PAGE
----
Condos.ca is a real estate brokerage that operates a custom home search portal with tons of data about Toronto condos. While they force you to create an account to see the information, if you’re a data geek, you’ll love the site. 

House Sigma is a custom brokerage portal popular with potential buyers because they share sold price information. 

Livabl is a property search website that focuses on new construction. If you’re considering buying a pre-construction condo or house, this is the best place to learn about upcoming projects. Pre-construction properties are rarely listed on the MLS or other home search portals. 

Finding Exclusive Listings Online

Agents and brokerages sometimes list homes for sale exclusively. Exclusive listings, sometimes called pocket listings, are properties marketed exclusively by a real estate agent within their network, offering buyers access to a home before it hits the MLS. 

In the past, creeping agent websites for exclusives was a popular way for eager buyers to search for a home to scoop up a property before it was marketed to the masses. While it wasn’t ever very effective, it was popular.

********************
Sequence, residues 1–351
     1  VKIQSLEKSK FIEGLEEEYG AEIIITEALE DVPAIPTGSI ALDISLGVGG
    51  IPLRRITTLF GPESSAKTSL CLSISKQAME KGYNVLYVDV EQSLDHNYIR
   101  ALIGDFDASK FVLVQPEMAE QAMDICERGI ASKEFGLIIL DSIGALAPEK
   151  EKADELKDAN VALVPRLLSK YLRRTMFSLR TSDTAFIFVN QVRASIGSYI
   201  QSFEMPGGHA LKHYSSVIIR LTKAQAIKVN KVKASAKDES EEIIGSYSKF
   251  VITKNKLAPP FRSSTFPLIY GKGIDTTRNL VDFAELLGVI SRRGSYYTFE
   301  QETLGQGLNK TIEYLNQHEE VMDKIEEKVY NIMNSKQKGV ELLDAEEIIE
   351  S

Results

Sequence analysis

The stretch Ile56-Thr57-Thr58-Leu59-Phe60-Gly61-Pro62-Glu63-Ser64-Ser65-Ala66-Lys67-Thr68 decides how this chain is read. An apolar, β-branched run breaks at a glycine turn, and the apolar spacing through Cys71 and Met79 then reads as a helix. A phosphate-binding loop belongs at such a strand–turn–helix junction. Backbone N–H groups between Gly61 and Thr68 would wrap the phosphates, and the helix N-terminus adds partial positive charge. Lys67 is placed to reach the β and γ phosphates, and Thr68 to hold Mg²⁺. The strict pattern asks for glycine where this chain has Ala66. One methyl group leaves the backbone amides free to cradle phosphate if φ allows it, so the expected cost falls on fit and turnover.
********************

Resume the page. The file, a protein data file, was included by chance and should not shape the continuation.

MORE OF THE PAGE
On January 1, 2024, new rules were introduced restricting the marketing of exclusive listings to 3 days before they appear on the MLS, making this strategy of finding your dream home even less effective. While some agents continue to promote their access to ‘secret listings’, it’s really just a marketing ploy that uses a buyer’s FOMO as a means for the agent to meet new clients.

The Downside of Searching for a Home Online

While searching for a home online is convenient and accessible, there are some potential pitfalls to be aware of:

  • It’s not uncommon for sold properties to still appear as ‘available’ online. Individual and brokerage websites often have to be updated manually, resulting in delays. TRREB rules dictate that properties must be updated to the MLS within two business days, so don’t expect to know the status of a home immediately. 
  • Homes that have been ‘conditionally sold’ are technically still available and will appear in search results on websites like realtor.ca until conditions (e.g. financing or home inspection) are removed.